Not In The Magazines -- Or Pinterest

I used to get Pottery Barn magazines in the mail. They started arriving when we moved into our first home. We had been married for three years already. Home had been a huge gray suitcase, two backpacks, and our Volkswagon van.

Suddenly, we had walls. Walls, apparently, need to be a certain color and have appropriate hooks and frames and vases placed perfectly with books and plants and rugs and chairs.

Well, we were just out of grad school and didn’t have a dime -- why did they give us a loan to buy a house?

It just so happens that my sister moved the same weekend we did and she had some furniture that wasn’t moving with them. We all know what that means.

It wasn’t Pottery Barn, but it didn’t have a price tag and it was piled in the back of my dad’s truck and attached trailer and in my driveway; so, it was meant to be.

Unloaded, and placed, it sort of filled the house. We didn’t even have a floor in the kitchen at that point, so a couch and a bed and a dresser and a kitchen table, no matter their condition, were happy in our house.

George laid beautiful pinewood floors in the kitchen and we collected this and that and this from family members happy to part with their leftovers.

But then the magazines started coming. It was fun to look to at them. It was dreamy. The cost was extravagant. Out of the question. But I still questioned it. My furniture didn’t match. It didn’t look like anything close to what I saw in those magazines, but I thought it was fine to dream big dreams. Right?

I think it actually made me just hate what I looked at every day. I had great disdain for the couch and the walls and the home we created.  I wouldn’t say it out right, but I guess I was making enough comments to create a noise. A bit of a nagging noise I suppose.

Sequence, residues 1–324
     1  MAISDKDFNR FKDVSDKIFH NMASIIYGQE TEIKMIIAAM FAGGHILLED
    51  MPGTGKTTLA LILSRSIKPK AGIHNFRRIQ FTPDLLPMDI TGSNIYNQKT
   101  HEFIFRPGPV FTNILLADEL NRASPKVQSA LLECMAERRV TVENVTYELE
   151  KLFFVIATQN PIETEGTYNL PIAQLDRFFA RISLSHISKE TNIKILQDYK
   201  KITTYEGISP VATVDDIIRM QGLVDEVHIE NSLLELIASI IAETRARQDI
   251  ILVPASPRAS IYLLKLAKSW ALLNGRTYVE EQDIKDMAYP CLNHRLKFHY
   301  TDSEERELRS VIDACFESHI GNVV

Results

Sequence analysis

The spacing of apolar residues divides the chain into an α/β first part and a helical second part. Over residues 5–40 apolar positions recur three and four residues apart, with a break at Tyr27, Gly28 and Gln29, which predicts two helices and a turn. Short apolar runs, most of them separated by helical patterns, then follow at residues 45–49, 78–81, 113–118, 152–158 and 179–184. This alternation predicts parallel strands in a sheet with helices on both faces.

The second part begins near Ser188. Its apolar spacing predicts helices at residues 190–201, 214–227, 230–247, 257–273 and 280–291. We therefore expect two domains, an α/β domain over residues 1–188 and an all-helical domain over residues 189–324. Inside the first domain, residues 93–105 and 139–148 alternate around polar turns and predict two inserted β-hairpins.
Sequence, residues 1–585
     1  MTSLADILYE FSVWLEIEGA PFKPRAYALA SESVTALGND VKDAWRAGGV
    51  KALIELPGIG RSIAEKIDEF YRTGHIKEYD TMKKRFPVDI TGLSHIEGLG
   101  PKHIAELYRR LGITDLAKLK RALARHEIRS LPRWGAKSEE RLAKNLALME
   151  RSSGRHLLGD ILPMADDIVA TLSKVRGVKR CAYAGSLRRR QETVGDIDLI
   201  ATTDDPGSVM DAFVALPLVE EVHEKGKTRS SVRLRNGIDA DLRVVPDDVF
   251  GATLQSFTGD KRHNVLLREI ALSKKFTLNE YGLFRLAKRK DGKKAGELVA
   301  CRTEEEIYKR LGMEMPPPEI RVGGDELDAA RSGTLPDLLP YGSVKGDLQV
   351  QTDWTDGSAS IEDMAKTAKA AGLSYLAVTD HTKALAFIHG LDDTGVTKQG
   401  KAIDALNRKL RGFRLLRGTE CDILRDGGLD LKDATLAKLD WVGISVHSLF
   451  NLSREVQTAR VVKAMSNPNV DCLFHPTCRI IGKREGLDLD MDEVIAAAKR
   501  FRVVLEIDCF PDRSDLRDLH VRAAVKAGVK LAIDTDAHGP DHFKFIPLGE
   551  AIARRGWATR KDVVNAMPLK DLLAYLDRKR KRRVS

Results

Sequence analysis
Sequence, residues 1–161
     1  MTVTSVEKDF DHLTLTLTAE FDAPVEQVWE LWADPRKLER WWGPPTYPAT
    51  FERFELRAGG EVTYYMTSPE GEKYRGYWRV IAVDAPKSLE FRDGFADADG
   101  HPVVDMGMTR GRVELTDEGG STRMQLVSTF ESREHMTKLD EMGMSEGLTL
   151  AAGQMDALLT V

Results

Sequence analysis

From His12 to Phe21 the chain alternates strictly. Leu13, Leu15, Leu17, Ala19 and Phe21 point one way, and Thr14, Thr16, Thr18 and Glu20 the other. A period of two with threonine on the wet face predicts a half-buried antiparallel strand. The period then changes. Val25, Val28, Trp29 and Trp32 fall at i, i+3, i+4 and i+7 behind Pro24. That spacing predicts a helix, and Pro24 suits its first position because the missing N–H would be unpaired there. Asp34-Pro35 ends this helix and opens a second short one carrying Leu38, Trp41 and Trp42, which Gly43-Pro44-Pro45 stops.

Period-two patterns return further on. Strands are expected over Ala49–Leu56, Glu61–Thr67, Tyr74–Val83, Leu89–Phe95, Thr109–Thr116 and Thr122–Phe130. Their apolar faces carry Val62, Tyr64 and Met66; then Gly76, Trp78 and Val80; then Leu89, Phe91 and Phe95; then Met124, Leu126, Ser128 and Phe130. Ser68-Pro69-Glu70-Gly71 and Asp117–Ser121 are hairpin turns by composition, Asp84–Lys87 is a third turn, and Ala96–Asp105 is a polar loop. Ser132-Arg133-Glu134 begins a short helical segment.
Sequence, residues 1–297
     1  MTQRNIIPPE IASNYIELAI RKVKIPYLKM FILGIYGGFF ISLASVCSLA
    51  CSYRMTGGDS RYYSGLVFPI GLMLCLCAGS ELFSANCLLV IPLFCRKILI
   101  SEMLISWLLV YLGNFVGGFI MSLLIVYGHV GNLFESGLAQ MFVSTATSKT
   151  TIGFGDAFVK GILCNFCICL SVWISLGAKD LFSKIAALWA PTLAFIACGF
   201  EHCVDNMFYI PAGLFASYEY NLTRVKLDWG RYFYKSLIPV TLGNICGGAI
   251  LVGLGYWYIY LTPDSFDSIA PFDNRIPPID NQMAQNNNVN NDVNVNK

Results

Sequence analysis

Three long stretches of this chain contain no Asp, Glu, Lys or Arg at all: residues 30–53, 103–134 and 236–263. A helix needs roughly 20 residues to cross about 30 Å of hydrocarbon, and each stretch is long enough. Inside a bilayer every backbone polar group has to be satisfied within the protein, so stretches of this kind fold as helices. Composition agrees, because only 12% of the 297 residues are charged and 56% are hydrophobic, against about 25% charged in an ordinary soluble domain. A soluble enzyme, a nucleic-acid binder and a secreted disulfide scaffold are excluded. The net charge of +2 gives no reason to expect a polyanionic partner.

George mentioned that he thought I should try to avoid the Pottery Barn magazine. Maybe it was the folder with cut out pictures with the “ideas” tucked into the pockets that sent him over the edge. I was annoyed by the request.

Why can’t I dream or have ideas or learn from someone that has more sense than I do about how a house should look?  I certainly knew what the inside of a massive gray suitcase should look like. I was an expert on that. Why should I not get expert advice on how walls should look?

It wasn’t the look, it was our lives. I do not live a Pottery Barn life. I never have. So it made very little sense for me to think that by creating that I would create a sense of peace and happiness. George was right.

Mismatched. colorful. Artwork hung here and there and musical instruments here and there and the old table that was my sisters and then mine and it is too small and covered in paint and scratches and old. And the chairs are old school school chairs that my dad found in a shed. And bouquets of bird feathers and dried lavender and lamps not really in the right place and a record player on an old dresser. I'm not in a hurry to change it -- any of it. The pew on the front porch. The old hutch. A gathering. 

And that is what we are. A place for gathering. Music now while children sleep and pumpkin bread bakes. There will be musicians always and friends and food and children running in and out -- always. 

I don't get Pottery Barn magazines in the mail anymore. 


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